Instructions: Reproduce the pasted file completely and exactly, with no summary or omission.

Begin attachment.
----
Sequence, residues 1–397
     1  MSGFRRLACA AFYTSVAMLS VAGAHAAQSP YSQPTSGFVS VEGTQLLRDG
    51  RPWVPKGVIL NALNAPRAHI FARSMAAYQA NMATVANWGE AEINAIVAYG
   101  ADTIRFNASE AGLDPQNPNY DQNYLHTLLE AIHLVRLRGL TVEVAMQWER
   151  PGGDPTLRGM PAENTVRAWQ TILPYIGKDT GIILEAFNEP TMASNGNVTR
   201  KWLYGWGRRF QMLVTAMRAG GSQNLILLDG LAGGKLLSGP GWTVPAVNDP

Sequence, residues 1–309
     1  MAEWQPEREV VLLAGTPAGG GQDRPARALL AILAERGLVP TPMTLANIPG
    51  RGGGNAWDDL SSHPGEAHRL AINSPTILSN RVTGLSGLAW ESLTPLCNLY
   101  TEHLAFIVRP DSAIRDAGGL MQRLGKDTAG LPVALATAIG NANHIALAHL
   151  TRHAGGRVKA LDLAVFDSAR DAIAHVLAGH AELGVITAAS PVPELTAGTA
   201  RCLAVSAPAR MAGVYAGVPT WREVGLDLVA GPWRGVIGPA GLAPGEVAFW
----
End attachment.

Sequence, residues 1–397
     1  MSGFRRLACA AFYTSVAMLS VAGAHAAQSP YSQPTSGFVS VEGTQLLRDG
    51  RPWVPKGVIL NALNAPRAHI FARSMAAYQA NMATVANWGE AEINAIVAYG
   101  ADTIRFNASE AGLDPQNPNY DQNYLHTLLE AIHLVRLRGL TVEVAMQWER
   151  PGGDPTLRGM PAENTVRAWQ TILPYIGKDT GIILEAFNEP TMASNGNVTR
   201  KWLYGWGRRF QMLVTAMRAG GSQNLILLDG LAGGKLLSGP GWTVPAVNDP

Sequence, residues 1–309
     1  MAEWQPEREV VLLAGTPAGG GQDRPARALL AILAERGLVP TPMTLANIPG
    51  RGGGNAWDDL SSHPGEAHRL AINSPTILSN RVTGLSGLAW ESLTPLCNLY
   101  TEHLAFIVRP DSAIRDAGGL MQRLGKDTAG LPVALATAIG NANHIALAHL
   151  TRHAGGRVKA LDLAVFDSAR DAIAHVLAGH AELGVITAAS PVPELTAGTA
   201  RCLAVSAPAR MAGVYAGVPT WREVGLDLVA GPWRGVIGPA GLAPGEVAFW